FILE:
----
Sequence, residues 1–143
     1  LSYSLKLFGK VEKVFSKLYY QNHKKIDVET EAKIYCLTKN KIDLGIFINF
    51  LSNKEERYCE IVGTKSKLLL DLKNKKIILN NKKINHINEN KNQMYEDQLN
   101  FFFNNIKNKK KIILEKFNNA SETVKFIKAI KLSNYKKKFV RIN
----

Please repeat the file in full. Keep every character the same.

Sequence, residues 1–143
     1  LSYSLKLFGK VEKVFSKLYY QNHKKIDVET EAKIYCLTKN KIDLGIFINF
    51  LSNKEERYCE IVGTKSKLLL DLKNKKIILN NKKINHINEN KNQMYEDQLN
   101  FFFNNIKNKK KIILEKFNNA SETVKFIKAI KLSNYKKKFV RIN